venerdì 18 marzo 2011

MAN IN THE ZOO: George Grosz Ecce Homo

Looking at the drawings in Ecce Homo today I am filled with the same excitement and unbounded admiration for the artist as I was in 1927 when I first saw his work. All through the years these expressions of despair, hate and disillusionment, as Grosz himself called them, have remained with me as if burned into my brain. I know of nothing to compare with them in our time, or in any other time. They are as naked and ugly, as beautiful and eloquent, as truth itself. Shortly after I received a copy of that first edition I began to draw and paint myself. The first thing I attempted was to copy the portrait on the cover - Mr. Homo himself - which I had assumed was a caricatural self-portrait of Grosz. Since I had never evinced the least ability to draw, this first successful effort gave me confidence to continue a pursuit which has given me as much, if not more, pleasure than writing.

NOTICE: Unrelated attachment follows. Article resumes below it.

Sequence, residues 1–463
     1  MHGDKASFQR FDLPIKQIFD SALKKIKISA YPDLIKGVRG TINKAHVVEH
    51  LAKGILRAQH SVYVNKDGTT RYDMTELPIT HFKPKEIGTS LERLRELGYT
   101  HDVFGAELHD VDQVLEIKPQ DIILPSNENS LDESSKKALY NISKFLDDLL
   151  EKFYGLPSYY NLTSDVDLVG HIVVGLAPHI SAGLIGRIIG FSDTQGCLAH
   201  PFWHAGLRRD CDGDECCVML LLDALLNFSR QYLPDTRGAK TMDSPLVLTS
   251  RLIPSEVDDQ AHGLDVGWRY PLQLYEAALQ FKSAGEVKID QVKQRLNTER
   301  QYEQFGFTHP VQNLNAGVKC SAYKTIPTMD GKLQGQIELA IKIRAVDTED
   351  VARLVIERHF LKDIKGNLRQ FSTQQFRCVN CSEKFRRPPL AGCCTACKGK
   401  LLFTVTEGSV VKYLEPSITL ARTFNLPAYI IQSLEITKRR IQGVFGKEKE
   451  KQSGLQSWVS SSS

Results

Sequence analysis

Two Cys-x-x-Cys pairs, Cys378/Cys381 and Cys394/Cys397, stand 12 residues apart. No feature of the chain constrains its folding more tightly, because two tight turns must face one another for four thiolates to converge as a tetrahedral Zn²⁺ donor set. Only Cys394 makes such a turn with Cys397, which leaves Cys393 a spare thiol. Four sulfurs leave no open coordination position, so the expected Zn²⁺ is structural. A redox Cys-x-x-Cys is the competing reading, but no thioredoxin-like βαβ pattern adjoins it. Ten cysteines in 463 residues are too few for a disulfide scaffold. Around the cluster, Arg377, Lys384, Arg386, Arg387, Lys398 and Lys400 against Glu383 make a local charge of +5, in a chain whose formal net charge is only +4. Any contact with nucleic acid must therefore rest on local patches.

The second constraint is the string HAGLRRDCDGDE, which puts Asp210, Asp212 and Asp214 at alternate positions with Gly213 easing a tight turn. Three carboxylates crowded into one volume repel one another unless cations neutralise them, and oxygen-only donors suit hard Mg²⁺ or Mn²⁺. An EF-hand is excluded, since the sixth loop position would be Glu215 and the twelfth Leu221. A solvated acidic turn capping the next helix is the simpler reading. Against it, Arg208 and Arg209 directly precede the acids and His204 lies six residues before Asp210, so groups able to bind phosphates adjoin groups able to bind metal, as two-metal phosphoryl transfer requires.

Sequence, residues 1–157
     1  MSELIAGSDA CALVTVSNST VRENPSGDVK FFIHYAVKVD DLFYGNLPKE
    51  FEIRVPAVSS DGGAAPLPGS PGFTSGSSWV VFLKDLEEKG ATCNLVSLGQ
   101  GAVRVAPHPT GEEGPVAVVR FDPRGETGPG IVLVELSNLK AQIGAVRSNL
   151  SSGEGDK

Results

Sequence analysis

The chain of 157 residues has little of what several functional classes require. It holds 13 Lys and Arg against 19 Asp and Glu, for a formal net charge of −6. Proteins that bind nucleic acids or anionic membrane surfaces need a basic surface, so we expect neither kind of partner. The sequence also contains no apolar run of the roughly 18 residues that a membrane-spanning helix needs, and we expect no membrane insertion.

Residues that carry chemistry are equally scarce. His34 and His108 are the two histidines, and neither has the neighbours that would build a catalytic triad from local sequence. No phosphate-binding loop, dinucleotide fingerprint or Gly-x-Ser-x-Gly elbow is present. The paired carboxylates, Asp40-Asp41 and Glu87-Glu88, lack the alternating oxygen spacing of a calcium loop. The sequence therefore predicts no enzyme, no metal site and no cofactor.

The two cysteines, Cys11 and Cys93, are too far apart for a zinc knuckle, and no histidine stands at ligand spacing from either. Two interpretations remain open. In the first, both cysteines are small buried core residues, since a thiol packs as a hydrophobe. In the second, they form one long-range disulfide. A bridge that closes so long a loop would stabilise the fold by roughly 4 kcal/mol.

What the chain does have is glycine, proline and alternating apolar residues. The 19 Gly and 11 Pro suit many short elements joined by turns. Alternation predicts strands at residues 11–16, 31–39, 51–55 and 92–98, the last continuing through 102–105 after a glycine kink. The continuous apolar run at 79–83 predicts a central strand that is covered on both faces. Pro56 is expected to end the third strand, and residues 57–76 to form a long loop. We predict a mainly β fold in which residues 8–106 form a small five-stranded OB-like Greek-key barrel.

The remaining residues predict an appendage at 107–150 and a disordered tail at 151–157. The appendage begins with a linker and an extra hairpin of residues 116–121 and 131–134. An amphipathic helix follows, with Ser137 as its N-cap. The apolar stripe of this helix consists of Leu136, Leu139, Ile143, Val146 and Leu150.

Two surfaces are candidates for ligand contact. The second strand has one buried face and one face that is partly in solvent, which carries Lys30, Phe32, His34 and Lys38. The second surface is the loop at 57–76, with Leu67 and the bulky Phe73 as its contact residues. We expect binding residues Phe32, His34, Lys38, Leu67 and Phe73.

Recently, reading Grosz' autobiography* which I missed when it first came out, I became just as excited as when I first saw his drawings and water colors. The similarities between his life and background in Germany and my own in a German-American neighborhood in Brooklyn impressed me. There was this difference, to be sure, that in my early days I had no burning desire to be an artist, or for that matter, anything. We who were born before the end of the century look back with nostalgia on that fin du siecle period which lasted well into the twentieth century. Most of the great figures of our time in the realms of art, science, and politics, had already been born, though the masses were only dimly acquainted with their work. I am thinking of men like Picasso, Stravinsky, Spengler, Chagall, Rabindranath Tagore, Romain Rolland, Barbusse, Kandinsky, as well as Lenin, Trotsky, Freud, and Einstein. (To say nothing of such popular idols as Max Linder and Charlie Chaplin).

*George Grosz, A Little Yes and a Big No, The Dial Press, N. Y., 1946.

Nessun commento:

Posta un commento